Strains of E. coli isolated from the clinically significant bacteriuria, the bile, the pus, and the feces of both outpatients and inpatients were serotyped by the use of 10 kinds of anti-0 antigen (1, 2, 4, 6, 7, 11, 17, 18, 39and75) sera. The urinary strains were groupable in 54.3 per cent, whereas the non-urinary strains, in only 20-30 per cent. 0 group 6, 75, 7, 4 and 2 occurred with disproportional frequency as a cause of the urinary tracts infections. In the distribution of the serotypes, there was a little difference between the strains from the urine of outpatients and inpatients. Among the strains from the feces, however, there was none of any specifically prominent serotypes in number. To all the serotypes afore mentioned, a small number of strains were found distributed almost evenly. It was observed that 0 group 6, and 75 were chiefly isolated from the pus and 6, 11, 2, 4, 17 were from the bile. The significance of serotyping of isolated E. coli lies in that it is essentially instrumental for the differentiation of infection's nature-whether it is reinfection or reexacerbation, and contamination or not in the consecutive screening of asymptomatic bacteriuria.
During the period from January through December in 1973, the survey centering on the detection of Salmonella and Shigella was performed on the fecal specimens of 255, 896 healthy school children and 97, 704 food handlers in Tokyo. On the course of this survey, 92 strains which were presumed as Edwardsiella tarda by preliminary tests for identification using TSI agar and LIM (Lysine-Indole-Motility) medium were isolated. Further biochemical tests of these isolates were conducted for final identification of their species. As a result, out of 92 isolates, 26 were identified as E. tarda and the remaining 66 as hydrogen sulfide (H2S)-producing Escherichia coli. Among many biochemical tests, salt tolerance test can be defined to be a very useful criterion for the differentiation between two species, for E. tarda could only grow in peptone water containing less than 3% sodium chloride, while H2S-producing E.coli, could even grow in peptone water containing 7% sodium chloride. In the light of the isolation frequency that E. tarda was obtained from only one food handler (0.001%) and 25 school children (0.01%), and H2S-producing E. coli was from 9 food handlers (0.01%) and 57 school children (0.02%), it is suggested that both H2S-producing E. coli and E. tarda are distributed more widely in children than in adults. Isolation of E. tarda and H2S-producing E. coli showed such seasonal variations that they could be isolated in a period from April through November with a peak in August, but not through December to March. Of 26 strains of E. tarda, only one was proved to be resistant against more than 100μg/m1 of SM. On, the other hand, 41 strains out of 66 H2S-producing E. coli were single or multiple resistant against antibioticsexamined.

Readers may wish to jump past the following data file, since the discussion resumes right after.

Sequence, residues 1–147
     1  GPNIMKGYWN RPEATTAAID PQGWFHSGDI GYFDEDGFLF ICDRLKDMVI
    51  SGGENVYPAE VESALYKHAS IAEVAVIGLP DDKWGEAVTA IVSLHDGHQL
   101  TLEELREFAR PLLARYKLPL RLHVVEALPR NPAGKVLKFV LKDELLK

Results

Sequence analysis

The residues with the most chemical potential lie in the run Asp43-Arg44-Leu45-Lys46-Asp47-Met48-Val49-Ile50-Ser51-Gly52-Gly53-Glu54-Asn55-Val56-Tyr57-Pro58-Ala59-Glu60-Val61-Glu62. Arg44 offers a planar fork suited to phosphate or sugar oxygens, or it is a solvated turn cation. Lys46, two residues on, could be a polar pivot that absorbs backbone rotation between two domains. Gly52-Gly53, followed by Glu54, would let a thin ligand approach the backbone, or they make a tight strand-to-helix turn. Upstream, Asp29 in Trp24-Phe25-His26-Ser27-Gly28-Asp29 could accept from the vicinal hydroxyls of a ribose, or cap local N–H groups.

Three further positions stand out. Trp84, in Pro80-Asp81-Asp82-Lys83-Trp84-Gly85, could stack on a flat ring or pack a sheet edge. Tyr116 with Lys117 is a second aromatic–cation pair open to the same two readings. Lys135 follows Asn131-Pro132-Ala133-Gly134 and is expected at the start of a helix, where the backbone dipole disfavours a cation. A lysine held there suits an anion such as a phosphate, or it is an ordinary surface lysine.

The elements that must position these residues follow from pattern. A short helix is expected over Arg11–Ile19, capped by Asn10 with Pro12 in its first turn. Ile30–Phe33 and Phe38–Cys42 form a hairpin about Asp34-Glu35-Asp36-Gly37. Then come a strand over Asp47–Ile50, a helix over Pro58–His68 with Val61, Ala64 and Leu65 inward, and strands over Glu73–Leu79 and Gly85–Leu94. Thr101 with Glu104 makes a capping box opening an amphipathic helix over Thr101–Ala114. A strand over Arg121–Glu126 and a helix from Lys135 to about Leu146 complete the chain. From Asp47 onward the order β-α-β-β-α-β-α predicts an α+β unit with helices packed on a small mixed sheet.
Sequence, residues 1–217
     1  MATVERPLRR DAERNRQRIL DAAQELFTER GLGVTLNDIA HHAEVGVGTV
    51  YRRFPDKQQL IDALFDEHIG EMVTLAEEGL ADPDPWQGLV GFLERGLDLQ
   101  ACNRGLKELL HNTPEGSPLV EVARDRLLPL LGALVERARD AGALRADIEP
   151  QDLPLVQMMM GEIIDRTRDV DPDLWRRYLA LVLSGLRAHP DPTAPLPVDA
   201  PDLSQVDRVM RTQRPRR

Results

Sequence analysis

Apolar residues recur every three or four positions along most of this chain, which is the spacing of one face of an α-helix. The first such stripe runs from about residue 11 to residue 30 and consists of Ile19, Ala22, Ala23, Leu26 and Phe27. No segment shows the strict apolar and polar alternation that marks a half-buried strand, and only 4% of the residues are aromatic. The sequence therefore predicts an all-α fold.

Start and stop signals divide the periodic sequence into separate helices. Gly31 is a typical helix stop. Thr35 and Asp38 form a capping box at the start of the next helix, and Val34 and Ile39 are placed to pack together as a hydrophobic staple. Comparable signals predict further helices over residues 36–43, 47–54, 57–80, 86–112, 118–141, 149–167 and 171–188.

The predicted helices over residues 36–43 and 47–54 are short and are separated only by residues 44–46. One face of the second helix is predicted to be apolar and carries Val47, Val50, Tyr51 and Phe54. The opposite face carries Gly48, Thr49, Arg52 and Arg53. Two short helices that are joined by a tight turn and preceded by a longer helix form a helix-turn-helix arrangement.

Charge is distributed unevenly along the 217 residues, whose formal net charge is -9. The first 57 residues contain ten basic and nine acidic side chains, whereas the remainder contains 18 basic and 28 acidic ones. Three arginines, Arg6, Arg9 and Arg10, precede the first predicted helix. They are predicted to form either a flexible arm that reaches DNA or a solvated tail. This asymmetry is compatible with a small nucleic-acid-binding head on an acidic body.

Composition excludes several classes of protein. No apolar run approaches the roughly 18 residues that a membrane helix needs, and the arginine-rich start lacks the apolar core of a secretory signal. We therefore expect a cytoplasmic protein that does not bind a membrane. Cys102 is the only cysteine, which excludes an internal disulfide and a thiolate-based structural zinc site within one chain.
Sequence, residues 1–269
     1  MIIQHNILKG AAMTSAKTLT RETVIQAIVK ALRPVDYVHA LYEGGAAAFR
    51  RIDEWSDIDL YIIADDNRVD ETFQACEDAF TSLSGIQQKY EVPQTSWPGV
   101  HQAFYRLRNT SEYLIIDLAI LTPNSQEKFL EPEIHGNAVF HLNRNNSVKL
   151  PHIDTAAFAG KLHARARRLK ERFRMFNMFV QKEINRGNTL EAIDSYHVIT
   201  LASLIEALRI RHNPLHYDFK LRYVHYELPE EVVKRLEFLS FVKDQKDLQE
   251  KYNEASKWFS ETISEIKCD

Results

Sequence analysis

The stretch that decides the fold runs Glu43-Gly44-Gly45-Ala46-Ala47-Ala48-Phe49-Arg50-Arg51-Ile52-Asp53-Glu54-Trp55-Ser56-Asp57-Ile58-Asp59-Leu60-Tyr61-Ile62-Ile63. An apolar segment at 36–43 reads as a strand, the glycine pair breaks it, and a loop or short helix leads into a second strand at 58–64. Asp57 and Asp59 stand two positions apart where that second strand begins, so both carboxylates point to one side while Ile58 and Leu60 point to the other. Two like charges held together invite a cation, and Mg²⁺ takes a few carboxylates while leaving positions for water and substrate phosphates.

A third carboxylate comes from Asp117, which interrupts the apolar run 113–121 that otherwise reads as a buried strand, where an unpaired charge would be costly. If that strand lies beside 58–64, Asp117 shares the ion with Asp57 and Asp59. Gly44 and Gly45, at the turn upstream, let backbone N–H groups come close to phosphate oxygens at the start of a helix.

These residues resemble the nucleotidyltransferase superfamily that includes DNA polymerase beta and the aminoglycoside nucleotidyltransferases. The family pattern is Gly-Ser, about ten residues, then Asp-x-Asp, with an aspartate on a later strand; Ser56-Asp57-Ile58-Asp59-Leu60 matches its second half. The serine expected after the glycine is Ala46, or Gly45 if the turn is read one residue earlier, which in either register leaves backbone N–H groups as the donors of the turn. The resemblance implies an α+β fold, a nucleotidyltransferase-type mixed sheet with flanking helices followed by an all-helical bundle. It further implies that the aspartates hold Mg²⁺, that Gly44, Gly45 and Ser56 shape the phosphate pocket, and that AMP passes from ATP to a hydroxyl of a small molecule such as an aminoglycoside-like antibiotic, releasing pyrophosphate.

We collected 12, 453 Shigella strains isolated in many municipal hospitals from 1965 to 1973 and surveyed their drug resistance. The results are summarized as follows. 1. Drug resistance patterns of Shigella strains are mainly restricted to resistance to TC, CM, SM and SA, and to the combinations thereof. Isolation frequency of strains resistant to KM, NA and APC is much lower than that of strains resistant to the aforementioned four drugs. 2. Isolation frequency of strains resistant to (TC.CM.SM.SA) was the highest, and followed by those resistant to SA, (CM.SM.SA), and (SM.SA). The strains with other resistance patterns were isolated rarely at less than 1%. 3. Demonstration frequency of R factors was rather low from the strains with single resistance and much higher from those with multiple resistance. The R factors were demonstrated most frequently from the triply resistant strains at a frequency of 86.7%. 4. Isolation frequency of KM-, NA-, or APC-resistant strains was rather low, but the R factors encoding resistance to KM and APC were demonstrated at high frequencies from the strains resistant to the drugs. The R factors possessing NA resistance were never isolated thus far. 5. Resistance patterns of Shigella strains and of their R factors were quite similar to those in Escherichia coli, and different from those in Salmonella, Proteus, and Pseudomonas aeruginosa.